In the minds of many here in Greece and across Europe, the State of Israel was and is considered the state of the Jews. The Greek public does not clearly distinguish between Israelis and Jews, and even government officials often refer to all Israelis as Jews in their speeches, although not maliciously.
There are Greeks who believe that anything done by Israel, whether positive or negative, is done in the name of all Jews.
During the first two decades of Israel’s independence, when it made wonderful progress agriculturally, economically and even militarily — such as the stunning success of the Six-Day War in 1967 — Jews were highly admired by Greeks. Conversely, recent Israeli military operations — particularly since the outbreak of the intifada in September 2000 — have elicited the opposite response.
Just as we must explain to the Greek — and, indeed, the entire European — public the many nuances of Israeli and Jewish opinion, it is also incumbent upon world Jewry to understand the complexities of continental attitudes toward Jews and Israel. The history of Jews in Greece offers a primer for understanding how we have arrived at our current cultural misunderstanding.
Roughly 95% of Greece’s 10 million citizens belong, religiously speaking, to the Greek Orthodox Church. During the long centuries when Greece was under the Ottoman rule, from 1453 to 1821, the Orthodox Church played a leading role in communal governance. Clergymen held administrative power, exercised unofficial judicial power in the financial and personal realms and led the struggle of emancipation from Turkish rule.
After independence in 1821, the newly established Greece legislated the official separation of church and state. But to this day, the full separation of church and state has neither been practiced nor legally enforced. As a result, the clergy still plays a very powerful unofficial role in nearly every subject of public interest.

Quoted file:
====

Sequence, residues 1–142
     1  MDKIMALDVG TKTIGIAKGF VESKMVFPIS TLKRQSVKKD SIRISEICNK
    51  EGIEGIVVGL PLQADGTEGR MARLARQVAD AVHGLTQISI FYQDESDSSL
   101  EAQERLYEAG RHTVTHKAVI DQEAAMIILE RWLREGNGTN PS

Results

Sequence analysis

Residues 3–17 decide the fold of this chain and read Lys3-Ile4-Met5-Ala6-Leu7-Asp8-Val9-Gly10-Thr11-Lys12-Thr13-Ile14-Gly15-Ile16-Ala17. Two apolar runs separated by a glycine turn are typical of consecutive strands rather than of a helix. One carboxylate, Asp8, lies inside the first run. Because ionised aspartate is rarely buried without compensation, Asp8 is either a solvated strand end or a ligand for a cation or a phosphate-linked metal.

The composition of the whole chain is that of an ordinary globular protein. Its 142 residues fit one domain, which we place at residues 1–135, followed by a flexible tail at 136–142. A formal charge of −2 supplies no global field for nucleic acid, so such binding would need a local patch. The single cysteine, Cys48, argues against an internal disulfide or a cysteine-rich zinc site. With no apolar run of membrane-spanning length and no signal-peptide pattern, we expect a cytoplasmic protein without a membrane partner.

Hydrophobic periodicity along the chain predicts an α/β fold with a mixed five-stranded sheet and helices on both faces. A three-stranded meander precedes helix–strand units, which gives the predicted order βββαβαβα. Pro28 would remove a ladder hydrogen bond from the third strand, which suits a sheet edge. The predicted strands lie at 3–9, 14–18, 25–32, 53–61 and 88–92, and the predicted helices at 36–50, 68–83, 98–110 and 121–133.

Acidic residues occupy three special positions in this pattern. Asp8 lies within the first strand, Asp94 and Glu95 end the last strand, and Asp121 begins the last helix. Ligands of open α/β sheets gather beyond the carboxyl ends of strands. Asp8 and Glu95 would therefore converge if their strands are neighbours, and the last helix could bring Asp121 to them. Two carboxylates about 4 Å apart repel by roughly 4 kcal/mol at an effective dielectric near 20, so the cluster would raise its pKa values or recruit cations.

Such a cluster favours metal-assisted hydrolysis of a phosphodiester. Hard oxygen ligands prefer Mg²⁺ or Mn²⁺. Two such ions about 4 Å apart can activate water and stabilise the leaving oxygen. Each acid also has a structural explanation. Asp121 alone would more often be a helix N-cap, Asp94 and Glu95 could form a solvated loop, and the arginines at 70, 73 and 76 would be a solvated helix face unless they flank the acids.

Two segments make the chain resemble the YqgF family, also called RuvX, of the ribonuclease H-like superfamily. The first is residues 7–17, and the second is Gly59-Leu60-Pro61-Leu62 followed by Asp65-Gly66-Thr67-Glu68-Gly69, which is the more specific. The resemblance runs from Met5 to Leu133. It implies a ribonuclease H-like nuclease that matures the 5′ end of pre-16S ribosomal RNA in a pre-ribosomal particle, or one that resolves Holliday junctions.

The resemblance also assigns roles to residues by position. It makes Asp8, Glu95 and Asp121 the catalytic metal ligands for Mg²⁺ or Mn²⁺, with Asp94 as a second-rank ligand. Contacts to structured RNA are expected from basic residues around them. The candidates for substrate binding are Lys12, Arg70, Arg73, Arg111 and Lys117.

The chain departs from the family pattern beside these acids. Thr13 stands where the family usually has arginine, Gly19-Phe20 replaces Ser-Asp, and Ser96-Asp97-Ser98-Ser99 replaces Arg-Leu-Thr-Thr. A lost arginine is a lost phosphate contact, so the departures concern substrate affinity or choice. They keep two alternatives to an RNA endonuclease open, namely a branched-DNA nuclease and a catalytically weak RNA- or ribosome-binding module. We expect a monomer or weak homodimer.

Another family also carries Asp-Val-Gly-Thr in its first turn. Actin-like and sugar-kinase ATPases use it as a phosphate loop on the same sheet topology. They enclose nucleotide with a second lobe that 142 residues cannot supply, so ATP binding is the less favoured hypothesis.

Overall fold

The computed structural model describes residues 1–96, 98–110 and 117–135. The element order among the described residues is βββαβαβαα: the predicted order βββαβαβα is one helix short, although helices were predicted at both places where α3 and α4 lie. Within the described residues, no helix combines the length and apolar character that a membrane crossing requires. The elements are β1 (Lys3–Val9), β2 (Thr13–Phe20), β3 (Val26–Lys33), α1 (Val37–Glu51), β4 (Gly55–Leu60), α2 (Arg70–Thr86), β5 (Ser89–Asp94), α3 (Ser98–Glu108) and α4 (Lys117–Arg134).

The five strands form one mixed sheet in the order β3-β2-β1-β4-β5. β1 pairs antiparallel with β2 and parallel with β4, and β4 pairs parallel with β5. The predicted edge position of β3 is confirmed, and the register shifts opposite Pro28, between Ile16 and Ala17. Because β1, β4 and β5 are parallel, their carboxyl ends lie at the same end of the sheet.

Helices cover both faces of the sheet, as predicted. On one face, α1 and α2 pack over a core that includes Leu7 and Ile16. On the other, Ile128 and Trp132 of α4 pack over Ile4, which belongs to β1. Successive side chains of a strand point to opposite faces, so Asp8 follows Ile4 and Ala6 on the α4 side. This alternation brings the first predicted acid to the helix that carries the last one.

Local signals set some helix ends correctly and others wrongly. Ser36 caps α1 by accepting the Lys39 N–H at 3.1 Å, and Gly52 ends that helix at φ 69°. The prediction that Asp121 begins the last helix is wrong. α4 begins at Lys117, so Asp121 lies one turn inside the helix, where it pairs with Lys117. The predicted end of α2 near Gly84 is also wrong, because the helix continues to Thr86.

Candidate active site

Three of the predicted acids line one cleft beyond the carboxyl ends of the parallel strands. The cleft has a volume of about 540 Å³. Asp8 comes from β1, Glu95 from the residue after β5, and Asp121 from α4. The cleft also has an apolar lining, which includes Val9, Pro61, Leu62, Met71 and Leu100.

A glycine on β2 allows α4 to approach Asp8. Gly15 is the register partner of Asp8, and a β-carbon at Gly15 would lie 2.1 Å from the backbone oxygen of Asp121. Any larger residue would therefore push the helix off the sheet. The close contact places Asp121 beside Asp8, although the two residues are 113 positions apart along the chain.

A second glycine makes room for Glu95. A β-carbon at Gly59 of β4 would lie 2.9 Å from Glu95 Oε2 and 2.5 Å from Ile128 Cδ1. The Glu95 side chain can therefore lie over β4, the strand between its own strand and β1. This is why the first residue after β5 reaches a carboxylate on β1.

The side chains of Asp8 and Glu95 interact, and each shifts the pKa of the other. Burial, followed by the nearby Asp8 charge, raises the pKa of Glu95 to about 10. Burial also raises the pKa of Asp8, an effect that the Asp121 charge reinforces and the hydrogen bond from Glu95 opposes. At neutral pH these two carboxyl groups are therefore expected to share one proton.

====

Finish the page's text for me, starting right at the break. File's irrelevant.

Until the beginning of the 20th century, Jews were considered by many Greeks, particularly in the provinces, as traitors and murderers of Christ — a perception that had been actively encouraged in previous centuries by the Orthodox Church. It was only during the last century that clergymen, academics and enlightened individuals began painting a more sympathetic picture of Jews.
Despite public stereotyping, individual Greek Jews were loved and well treated by their fellow countrymen. Jews held Greek citizenship and had all the rights and obligations attached to citizenship.
While there was resentment of urban Jews prominent in the management of the Greek economy, the petit bourgeois and poor tradesmen who comprised the majority of Greece’s Jewish population were truly equal with their compatriots.
Before the outbreak of World War II, 77,377 Jews lived in Greece. Of the country’s 27 organized Jewish communities, by far the largest was Thessaloniki, which was home to 50,000 Jews.
The Greek Jewish community, of course, was decimated by the Nazis, and today numbers no more than 5,000. During the Holocaust, Greek society was relatively supportive of Jews. The Greek Orthodox Church in particular — and in contrast to centuries of official animosity toward the community — helped many Jews escape deportation.
But since 1967, and particularly since the outbreak of the intifada, Greek public opinion has soured on Israel. As perceptions of the Jewish state have worsened, so too have perceptions of Jews.
In order to combat negative opinions about Israel and world Jewry in general, we must insist on the facts from those who hold sway over public opinion.
The fine line between journalistic freedom and licensed irresponsibility is easily crossed in today’s charged media climate — and not just in Greece. Editorializing creeps into the dispassionate reporting of the facts, and respectable journalists sacrifice their professional responsibility when they add their opinions to all the news that’s fit to print.
Beyond making the media adhere to standards of journalistic integrity, though, we must also accept that even if Israel does not represent all of world Jewry, Jews are in some measure representatives of Israel.
Israel pursues policies with which a fair number of Jews around the world may disagree, but it is nevertheless doing so as the Jewish state.
No, Israelis and Jews are not one and the same, and we must vigilantly monitor those who argue otherwise to serve their own malicious ends.
Moses Constantinis is president of the Central Board of Jewish Communities in Greece, the main Greek Jewish representative body.